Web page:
“We aim to ensure every mother is fully informed of the importance of breastfeeding and consistent care is afforded to each of our patients regardless of their feeding preference.  As part of the Baby-Friendly initiative, all healthy newborns at UMMC have skin-to-skin contact with their mothers immediately following delivery and receive ongoing breastfeeding support from a Registered Nurse (RN), International Board Certified Lactation Consultant (IBCLC) or Certified Lactation Counselor (CLC)”, said Linda Lee Stoiber, RN, BSN, IBCLC.

United Memorial Medical Center is also a recipient of the New York State Perinatal Quality Collaborative (NYSPQC) Safe Sleep Project’s Quality Improvement Award. This award was given in recognition of the hard work and dedication to improve safe sleep practices for infants. As a participant in the NYSPQC Safe Sleep Project, UMMC committed to modeling a safe sleep environment and providing caregiver sleep education during birth hospitalization.

These recognitions exemplify United Memorial Medical Center’s focus on fostering the most supportive environment possible for each family, while providing them with exceptional care and a personalized experience that honors their individual needs.

For more information about the U.S. Baby-Friendly Hospital Initiative, visit www.babyfriendlyusa.org and to learn more about the New York State Perinatal Quality Collaborative visit www.nyspqc.org. For details about UMMC’s Women’s Care and Maternity services, visit RochesterRegional.org.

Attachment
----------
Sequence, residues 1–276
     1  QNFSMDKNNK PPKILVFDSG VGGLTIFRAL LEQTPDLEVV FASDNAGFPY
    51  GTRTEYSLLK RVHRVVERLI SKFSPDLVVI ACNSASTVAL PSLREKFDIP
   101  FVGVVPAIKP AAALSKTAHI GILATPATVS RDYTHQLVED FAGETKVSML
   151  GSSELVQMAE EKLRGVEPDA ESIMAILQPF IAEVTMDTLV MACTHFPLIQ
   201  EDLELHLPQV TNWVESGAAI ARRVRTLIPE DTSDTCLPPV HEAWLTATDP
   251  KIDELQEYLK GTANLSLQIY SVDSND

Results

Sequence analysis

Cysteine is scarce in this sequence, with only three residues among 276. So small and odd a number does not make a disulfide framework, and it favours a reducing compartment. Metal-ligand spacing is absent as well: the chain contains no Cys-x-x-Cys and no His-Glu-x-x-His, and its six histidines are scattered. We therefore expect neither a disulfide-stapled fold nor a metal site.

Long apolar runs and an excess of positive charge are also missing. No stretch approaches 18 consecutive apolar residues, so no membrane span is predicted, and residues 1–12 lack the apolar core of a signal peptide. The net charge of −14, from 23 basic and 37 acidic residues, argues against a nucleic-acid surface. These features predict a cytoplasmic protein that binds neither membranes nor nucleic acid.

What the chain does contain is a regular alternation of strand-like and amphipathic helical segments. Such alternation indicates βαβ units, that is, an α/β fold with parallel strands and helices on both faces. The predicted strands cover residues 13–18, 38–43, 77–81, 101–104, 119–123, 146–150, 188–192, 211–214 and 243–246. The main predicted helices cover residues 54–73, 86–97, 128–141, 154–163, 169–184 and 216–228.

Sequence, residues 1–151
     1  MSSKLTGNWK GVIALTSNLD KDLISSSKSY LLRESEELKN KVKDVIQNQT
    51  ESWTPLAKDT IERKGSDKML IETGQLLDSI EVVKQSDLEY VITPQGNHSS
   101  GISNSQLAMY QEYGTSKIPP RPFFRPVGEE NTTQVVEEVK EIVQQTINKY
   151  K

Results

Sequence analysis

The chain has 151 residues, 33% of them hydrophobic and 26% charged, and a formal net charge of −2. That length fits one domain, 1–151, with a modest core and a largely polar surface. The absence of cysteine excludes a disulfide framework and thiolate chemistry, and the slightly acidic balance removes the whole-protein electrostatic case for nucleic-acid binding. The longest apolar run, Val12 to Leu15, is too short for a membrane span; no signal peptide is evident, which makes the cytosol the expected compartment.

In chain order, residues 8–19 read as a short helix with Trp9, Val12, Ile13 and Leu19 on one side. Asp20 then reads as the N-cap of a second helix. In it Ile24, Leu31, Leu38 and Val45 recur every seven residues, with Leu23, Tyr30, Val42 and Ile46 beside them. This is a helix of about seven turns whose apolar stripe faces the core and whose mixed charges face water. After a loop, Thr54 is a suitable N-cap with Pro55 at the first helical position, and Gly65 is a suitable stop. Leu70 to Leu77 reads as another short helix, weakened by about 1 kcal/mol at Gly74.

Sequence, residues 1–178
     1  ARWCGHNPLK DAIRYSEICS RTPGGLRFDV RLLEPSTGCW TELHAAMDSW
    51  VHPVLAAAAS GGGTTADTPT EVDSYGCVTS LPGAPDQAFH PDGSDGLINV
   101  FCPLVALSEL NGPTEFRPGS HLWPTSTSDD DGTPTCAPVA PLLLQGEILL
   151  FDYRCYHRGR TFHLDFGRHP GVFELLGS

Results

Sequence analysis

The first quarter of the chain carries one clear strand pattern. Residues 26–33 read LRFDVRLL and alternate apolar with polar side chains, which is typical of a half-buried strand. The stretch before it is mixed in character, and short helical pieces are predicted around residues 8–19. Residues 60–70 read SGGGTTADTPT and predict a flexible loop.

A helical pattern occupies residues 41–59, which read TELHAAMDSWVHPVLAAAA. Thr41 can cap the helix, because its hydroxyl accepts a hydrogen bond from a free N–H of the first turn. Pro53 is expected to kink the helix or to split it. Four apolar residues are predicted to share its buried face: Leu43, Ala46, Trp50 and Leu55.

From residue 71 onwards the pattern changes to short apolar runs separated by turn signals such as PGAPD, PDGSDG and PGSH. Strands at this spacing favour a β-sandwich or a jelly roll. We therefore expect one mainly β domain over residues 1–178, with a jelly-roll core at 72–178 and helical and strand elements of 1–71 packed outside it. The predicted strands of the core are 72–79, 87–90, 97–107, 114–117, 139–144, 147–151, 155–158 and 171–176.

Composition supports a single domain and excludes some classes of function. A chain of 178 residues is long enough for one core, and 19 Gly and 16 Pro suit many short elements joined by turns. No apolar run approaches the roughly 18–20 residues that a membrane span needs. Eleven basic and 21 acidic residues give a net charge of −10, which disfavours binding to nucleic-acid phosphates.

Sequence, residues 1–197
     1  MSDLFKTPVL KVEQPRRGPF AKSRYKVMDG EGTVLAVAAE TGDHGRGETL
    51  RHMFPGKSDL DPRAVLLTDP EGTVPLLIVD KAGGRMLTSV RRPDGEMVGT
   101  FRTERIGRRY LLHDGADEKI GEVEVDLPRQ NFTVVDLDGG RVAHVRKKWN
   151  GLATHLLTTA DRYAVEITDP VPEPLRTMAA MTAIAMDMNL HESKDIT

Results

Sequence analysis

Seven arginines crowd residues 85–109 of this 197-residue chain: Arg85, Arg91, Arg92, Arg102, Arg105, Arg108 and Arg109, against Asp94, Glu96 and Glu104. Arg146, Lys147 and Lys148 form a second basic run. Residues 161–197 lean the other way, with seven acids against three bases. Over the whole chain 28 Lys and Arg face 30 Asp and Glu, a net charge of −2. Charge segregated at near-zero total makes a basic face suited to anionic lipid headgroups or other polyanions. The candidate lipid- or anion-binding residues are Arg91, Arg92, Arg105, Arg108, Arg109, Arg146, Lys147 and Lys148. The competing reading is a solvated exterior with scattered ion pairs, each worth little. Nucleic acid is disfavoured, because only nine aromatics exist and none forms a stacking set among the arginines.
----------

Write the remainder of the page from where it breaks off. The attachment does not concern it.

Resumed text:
August 1, 2018 - 4:09pm

This mom is one of several dozen who participated in last year’s Global Big Latch On at UMMC. This year’s event is scheduled Friday at UMMC's Cary Hall, 211 E. Main St., Batavia. Photo by Virginia Kropf.

 

United Memorial Medical Center will participate in the Global Big Latch On event Friday at Cary Hall, 211 E. Main St., Batavia.

Global Big Latch On is an international organization working to support and normalize breastfeeding, while encouraging a community network of support among breastfeeding families, said Stacey Pastuszynski, marketing adviser at UMMC.

This is the fourth year UMMC has participated in this global event, in which as many as 143 family members have attended locally.

“We average forty breastfeeding moms, while the rest are friends and family members who attend for support,” Pastuszynski said. “While we are hoping to better that this year, it is not so much about numbers as it is about support for breastfeeding mothers and promoting the benefits of breastfeeding.”